values = df['Salary'].value_counts().values

'#2c6699']

fig = go.Figure(data = [go.Pie()])

fig.show()```

Output:

Inference: Only around 24% of the people get a salary above 24% and around 76% of the people get 50k or less than 50k as salary.

Importing the Dexplot

```import dexplot as dxp

dxp.count(
val="Age",
data = df,
split="Type_of_Owner",
stacked = True,
figsize=(12,12))```

Output:

Inference: From the above graph we can see how the Job Type of People of Different Age varies, Though most people are involved in Private Job Type in all the age group Private Job is predominantly occupied by the people in the age group of 17-60 years old people.

```dxp.count(
val="Age",
data = df,
split="Marital_Status",
stacked = True,
figsize=(12,12))```

Output:

Inference: From the above data it is clear that people falling in the age group of 17-30 are unmarried and people falling in the age group of 30-65 years are predominantly married also a large portion of people in the age-group 30-55 years are divorced.

```dxp.count(
val="Age",
data = df,
split="Job_Designation",
stacked = True,
figsize=(12,12))```

Output:

Inference: From the above graph we can see how the Age and Job-Profile of people vary.

```dxp.count(
val="Age",
data = df,
split="Race",
stacked = True,
figsize=(12,12))```

Output:

Inference: From the above graph it’s clear most people in any age group are predominantly white.

```dxp.count(
val="Age",
data = df,
split="Gender",
stacked = True,
figsize=(12,12))```

Output:

Inference: It’s clear from the above graph that most working females fall in the age group of 17-55 and in fact they have started working at an early age while most males are in the age group of 23 onwards.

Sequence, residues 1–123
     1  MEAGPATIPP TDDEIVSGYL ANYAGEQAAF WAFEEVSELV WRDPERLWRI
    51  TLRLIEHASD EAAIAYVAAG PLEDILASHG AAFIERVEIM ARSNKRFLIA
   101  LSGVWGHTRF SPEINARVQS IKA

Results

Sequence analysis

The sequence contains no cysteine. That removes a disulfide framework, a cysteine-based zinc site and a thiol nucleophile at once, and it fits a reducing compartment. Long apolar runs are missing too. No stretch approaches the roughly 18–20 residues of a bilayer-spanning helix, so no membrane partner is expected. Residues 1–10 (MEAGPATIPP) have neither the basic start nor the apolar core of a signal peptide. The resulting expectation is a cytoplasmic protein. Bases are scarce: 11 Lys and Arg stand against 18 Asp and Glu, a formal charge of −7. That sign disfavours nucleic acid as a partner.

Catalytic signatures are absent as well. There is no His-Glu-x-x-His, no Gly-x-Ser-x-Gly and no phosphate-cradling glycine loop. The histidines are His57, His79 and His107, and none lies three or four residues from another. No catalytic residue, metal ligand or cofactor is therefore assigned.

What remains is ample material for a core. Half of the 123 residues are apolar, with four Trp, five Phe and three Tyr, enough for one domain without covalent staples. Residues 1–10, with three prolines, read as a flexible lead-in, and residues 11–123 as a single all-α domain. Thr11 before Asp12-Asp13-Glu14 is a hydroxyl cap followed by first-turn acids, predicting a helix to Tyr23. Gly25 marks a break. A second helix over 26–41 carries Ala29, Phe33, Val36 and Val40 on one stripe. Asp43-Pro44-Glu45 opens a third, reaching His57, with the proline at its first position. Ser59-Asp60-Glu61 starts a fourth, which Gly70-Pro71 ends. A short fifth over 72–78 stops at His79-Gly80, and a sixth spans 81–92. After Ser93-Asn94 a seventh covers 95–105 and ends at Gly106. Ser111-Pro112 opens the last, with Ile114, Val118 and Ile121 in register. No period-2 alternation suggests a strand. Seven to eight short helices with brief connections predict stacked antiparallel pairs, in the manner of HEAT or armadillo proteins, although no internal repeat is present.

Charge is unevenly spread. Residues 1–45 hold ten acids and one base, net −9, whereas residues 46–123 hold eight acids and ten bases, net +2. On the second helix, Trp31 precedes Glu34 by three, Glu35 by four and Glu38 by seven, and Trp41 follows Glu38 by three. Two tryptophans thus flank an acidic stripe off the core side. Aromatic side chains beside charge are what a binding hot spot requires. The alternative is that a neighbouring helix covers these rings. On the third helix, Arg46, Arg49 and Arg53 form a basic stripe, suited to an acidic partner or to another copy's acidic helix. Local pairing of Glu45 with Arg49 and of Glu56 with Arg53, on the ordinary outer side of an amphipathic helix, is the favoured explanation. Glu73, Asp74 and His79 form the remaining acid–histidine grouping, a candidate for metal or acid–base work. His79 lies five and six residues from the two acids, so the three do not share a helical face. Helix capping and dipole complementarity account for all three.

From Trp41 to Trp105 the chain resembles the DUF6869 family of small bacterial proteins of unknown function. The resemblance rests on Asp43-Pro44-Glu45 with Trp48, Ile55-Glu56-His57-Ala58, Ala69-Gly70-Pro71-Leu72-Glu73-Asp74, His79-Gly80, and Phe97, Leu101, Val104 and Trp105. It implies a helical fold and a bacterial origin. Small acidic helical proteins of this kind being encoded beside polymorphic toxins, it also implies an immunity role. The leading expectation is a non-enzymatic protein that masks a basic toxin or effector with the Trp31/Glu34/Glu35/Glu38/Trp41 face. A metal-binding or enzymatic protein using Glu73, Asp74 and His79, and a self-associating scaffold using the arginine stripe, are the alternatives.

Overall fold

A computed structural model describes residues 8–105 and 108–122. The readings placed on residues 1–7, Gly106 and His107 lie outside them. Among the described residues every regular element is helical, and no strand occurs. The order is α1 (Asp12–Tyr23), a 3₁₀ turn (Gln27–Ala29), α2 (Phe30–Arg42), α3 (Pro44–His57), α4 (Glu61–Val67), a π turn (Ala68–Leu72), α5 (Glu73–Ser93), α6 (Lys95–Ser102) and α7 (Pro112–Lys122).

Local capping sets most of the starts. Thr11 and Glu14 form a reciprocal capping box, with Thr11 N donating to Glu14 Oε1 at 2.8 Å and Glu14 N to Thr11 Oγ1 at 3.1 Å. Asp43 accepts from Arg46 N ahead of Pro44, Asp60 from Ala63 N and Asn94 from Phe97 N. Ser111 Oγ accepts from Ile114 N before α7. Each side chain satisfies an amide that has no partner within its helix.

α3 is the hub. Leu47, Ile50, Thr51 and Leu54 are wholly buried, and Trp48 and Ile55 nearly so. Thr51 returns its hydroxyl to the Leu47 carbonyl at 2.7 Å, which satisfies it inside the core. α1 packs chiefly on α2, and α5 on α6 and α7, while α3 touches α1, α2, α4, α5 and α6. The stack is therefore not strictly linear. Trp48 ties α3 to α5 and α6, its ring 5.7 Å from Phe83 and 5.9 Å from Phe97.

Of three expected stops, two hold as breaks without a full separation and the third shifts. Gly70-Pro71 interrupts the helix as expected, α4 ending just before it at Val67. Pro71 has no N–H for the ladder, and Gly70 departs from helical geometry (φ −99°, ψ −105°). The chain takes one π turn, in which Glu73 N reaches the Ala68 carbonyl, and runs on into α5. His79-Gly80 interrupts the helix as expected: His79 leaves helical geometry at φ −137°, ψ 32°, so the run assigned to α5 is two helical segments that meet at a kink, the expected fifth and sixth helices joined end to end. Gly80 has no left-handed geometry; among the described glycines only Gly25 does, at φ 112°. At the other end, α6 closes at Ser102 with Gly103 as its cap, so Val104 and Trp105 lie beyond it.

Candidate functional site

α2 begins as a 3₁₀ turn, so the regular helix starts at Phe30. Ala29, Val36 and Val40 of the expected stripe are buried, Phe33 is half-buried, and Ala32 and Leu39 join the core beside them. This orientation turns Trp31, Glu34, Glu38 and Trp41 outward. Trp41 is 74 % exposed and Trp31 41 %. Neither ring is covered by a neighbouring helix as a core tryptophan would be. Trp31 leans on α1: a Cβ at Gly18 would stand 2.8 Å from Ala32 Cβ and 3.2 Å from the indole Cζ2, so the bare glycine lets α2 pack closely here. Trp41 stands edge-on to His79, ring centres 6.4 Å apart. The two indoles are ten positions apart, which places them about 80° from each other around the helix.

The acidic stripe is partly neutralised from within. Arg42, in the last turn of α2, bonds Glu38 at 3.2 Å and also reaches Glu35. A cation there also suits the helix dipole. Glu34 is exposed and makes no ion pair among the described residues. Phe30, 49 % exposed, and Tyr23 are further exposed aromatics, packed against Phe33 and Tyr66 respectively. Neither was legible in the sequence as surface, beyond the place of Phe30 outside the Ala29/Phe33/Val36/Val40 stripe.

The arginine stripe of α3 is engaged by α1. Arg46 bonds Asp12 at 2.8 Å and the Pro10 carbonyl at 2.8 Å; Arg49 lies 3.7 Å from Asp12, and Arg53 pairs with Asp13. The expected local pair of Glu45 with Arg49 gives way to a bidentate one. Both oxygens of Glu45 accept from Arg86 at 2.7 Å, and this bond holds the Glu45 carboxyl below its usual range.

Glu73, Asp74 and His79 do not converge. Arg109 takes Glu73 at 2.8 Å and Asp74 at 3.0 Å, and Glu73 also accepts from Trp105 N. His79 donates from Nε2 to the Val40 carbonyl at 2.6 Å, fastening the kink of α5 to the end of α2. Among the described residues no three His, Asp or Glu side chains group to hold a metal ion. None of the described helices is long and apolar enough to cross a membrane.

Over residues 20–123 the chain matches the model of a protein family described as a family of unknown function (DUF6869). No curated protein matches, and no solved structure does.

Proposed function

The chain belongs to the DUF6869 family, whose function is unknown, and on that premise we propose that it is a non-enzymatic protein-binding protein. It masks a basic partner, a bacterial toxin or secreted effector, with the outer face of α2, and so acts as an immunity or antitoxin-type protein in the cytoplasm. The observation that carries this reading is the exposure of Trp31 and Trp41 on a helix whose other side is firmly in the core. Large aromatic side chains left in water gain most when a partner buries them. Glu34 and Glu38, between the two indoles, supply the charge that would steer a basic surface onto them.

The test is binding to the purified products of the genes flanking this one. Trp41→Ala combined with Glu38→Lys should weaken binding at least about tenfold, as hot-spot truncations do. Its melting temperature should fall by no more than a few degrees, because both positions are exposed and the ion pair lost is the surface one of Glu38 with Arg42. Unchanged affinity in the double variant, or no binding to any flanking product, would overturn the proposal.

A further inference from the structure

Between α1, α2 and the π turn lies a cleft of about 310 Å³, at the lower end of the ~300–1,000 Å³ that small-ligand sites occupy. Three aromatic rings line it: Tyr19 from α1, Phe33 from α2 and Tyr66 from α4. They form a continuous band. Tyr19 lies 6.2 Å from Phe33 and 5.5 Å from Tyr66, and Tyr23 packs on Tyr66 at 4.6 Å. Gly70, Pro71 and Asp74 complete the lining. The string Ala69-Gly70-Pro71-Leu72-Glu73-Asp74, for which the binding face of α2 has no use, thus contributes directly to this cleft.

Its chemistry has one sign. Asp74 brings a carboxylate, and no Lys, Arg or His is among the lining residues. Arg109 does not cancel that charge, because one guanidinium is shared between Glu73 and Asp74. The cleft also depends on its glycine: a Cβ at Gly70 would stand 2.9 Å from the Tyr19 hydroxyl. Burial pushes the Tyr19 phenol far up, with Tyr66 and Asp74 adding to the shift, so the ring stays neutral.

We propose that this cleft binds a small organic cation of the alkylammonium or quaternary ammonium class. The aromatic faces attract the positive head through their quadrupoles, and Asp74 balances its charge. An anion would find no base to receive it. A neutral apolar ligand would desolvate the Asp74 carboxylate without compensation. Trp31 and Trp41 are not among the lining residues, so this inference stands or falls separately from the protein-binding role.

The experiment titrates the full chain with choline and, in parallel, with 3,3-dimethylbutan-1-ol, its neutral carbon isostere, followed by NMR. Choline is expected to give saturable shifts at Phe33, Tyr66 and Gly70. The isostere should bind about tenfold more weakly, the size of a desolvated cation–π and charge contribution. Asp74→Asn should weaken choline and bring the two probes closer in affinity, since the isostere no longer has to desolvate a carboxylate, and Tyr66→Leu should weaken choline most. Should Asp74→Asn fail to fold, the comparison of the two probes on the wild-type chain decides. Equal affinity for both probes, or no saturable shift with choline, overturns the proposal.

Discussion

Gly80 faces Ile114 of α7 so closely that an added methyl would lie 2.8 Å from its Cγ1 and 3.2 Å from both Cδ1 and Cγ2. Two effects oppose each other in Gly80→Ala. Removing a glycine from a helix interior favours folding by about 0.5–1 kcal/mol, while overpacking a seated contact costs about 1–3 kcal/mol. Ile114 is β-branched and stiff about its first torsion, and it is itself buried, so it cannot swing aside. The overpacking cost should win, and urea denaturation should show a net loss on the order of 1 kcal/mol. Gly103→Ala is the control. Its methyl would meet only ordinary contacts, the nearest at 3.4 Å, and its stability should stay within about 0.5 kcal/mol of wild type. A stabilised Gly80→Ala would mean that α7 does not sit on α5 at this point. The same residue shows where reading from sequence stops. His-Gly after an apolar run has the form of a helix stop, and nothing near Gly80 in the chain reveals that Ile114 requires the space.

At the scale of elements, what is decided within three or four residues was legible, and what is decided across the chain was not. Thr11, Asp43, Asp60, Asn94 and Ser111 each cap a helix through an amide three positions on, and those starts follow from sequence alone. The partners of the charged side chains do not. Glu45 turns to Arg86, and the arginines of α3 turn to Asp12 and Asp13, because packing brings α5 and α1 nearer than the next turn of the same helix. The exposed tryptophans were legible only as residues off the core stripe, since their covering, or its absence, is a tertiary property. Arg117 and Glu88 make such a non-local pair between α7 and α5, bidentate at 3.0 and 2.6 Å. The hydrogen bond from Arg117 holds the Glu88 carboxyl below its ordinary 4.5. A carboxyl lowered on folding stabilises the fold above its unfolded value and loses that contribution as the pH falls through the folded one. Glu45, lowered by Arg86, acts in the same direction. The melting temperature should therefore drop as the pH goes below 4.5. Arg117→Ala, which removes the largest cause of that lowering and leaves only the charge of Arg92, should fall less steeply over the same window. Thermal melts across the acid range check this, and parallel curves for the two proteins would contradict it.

```dxp.count(
val="Age",
data = df,
split="Salary",
stacked = True,
figsize=(12,12))```

Output:

Inference: It’s obvious from the graph that with the passes of age tend to get more salaries increases in general.

## Conclusion

We did the entire EDA process for this dataset from looking at the head of the dataset to get the insights of each and every feature whether it is univariate analysis or the bivariate analysis and along with getting the insights from the data numerically we also have used two one of the most interactive visualization libraries i.e. Plotly and Dexplot.

## Endnotes

Note: All images/ screenshots used in the article are by the Author. If the source isn’t mentioned otherwise.

Greeting to everyone, I’m currently working in TCS and previously, I worked as a Data Science Analyst in Zorba Consulting India. Along with full-time work, I’ve got an immense interest in the same field, i.e. Data Science, along with its other subsets of Artificial Intelligence such as Computer Vision, Machine learning, and Deep learning; feel free to collaborate with me on any project on the domains mentioned above (LinkedIn).

Here you can access my other articles, which are published on Analytics Vidhya as a part of the Blogathon (link).